“Do you know what symbiosis is?” So reads the first line of the book Evolving Ecologists, published by second graders in the Nature or Nurture project. The book goes on to illustrate the various types of symbiotic relationships between organisms: mutualism, parasitism, and commensalism.
Rhea Manguil and Marissa Adams wanted to create a project that would facilitate social and emotional learning about relationships. Since both teachers were passionate about ecology, they decided to try a scientific lens.
This project was featured in the 2021 book Changing the Subject: Twenty Years of Projects from High Tech High. You can learn more about the book and the projects within by visiting the official website.
To launch the project, the teachers created a “Mystery Objects” slideshow, featuring images of intertwined animal and plant organisms. A guessing game ensued, which eventually led to the theme of relationships among living things. Field work for the project included outdoor observations and a trip to the zoo, where zoo educators taught the students about some of the relationships among the animals.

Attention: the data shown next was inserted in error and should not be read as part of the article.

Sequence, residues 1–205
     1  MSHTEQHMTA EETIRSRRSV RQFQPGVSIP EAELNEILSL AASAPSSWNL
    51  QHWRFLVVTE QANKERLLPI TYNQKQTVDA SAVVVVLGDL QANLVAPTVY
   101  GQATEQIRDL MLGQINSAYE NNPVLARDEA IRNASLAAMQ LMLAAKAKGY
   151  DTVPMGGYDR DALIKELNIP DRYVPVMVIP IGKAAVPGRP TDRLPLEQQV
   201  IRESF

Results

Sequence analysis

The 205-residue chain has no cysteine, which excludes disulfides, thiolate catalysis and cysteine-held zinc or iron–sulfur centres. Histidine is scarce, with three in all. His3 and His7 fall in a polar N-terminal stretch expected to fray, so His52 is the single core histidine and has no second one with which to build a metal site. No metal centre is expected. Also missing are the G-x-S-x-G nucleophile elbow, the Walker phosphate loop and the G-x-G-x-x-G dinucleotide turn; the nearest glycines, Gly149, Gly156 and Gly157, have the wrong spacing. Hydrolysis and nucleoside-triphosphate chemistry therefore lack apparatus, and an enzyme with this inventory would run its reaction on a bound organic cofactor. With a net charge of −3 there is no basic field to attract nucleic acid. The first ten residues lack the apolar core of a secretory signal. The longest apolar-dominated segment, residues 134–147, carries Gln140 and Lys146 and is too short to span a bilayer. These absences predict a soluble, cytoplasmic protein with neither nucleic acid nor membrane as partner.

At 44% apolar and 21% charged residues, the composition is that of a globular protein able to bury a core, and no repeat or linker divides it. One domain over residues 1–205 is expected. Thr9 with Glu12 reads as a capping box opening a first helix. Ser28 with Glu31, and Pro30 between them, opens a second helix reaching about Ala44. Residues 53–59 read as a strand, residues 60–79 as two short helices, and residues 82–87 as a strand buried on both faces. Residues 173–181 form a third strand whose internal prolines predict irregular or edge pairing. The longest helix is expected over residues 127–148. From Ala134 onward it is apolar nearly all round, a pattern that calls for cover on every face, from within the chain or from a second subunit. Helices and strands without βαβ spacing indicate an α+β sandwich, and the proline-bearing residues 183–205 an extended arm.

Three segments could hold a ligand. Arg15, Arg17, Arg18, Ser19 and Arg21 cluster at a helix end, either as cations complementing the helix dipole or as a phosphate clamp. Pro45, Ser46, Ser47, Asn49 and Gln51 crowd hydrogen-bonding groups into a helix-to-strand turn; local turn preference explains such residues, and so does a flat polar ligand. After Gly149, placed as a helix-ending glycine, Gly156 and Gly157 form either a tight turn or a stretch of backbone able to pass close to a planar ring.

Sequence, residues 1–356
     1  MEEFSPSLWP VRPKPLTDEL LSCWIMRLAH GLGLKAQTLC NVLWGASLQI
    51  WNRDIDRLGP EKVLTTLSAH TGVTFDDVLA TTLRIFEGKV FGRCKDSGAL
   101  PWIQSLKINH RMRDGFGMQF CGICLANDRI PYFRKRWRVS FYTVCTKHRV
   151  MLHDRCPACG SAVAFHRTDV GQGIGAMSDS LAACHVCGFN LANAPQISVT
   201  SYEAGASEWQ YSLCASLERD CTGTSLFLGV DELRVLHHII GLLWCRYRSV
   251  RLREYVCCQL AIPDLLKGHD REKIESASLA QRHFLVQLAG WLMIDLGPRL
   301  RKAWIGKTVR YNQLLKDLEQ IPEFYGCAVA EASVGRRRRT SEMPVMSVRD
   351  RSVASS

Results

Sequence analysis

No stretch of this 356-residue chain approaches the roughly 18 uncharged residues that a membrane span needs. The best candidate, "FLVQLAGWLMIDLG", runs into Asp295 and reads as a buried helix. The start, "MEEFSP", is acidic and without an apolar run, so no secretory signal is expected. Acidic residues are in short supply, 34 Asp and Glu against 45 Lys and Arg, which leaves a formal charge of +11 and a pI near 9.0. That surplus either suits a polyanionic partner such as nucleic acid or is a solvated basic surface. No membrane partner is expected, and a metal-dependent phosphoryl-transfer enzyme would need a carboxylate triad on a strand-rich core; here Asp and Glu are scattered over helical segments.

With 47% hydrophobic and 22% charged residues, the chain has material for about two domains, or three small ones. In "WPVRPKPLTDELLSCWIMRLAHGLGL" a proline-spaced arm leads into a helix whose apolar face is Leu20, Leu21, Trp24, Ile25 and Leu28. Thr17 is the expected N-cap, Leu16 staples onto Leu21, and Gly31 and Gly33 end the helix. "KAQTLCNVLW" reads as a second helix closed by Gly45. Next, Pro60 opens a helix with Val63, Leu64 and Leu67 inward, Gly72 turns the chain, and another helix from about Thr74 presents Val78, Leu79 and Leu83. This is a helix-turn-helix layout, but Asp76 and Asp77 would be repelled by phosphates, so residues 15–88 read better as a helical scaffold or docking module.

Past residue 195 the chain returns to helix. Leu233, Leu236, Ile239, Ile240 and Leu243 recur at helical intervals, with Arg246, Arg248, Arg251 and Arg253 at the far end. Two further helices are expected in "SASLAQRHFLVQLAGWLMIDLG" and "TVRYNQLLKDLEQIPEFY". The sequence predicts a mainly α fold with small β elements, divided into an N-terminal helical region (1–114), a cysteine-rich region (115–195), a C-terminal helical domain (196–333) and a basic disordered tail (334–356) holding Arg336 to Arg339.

Each pair of students focused on a specific relationship in nature, such as bees and flowers; barnacles and whales; or cattle egrets and cows. They researched the relationship, wrote about it, and drew scientific drawings of each species. The final product was a book describing each species and its symbiotic relationship with another.
Revision and critique was an important part of this project. The class watched Ron Berger’s “Austin’s Butterfly” video many times, to learn how to give kind, specific, and helpful critique. Students made multiple drafts of their scientific drawings and were gratified to see their improvements.
The final exhibition featured copies of the published book, as well as displays of multiple drafts. Since critique was such an important part of the process, the teachers saved post-it critique notes and displayed those along with the drafts to showcase the evolution of the art work. Students also videotaped short responses to questions about relationships and critique using the app FLIPGRID to show their learning.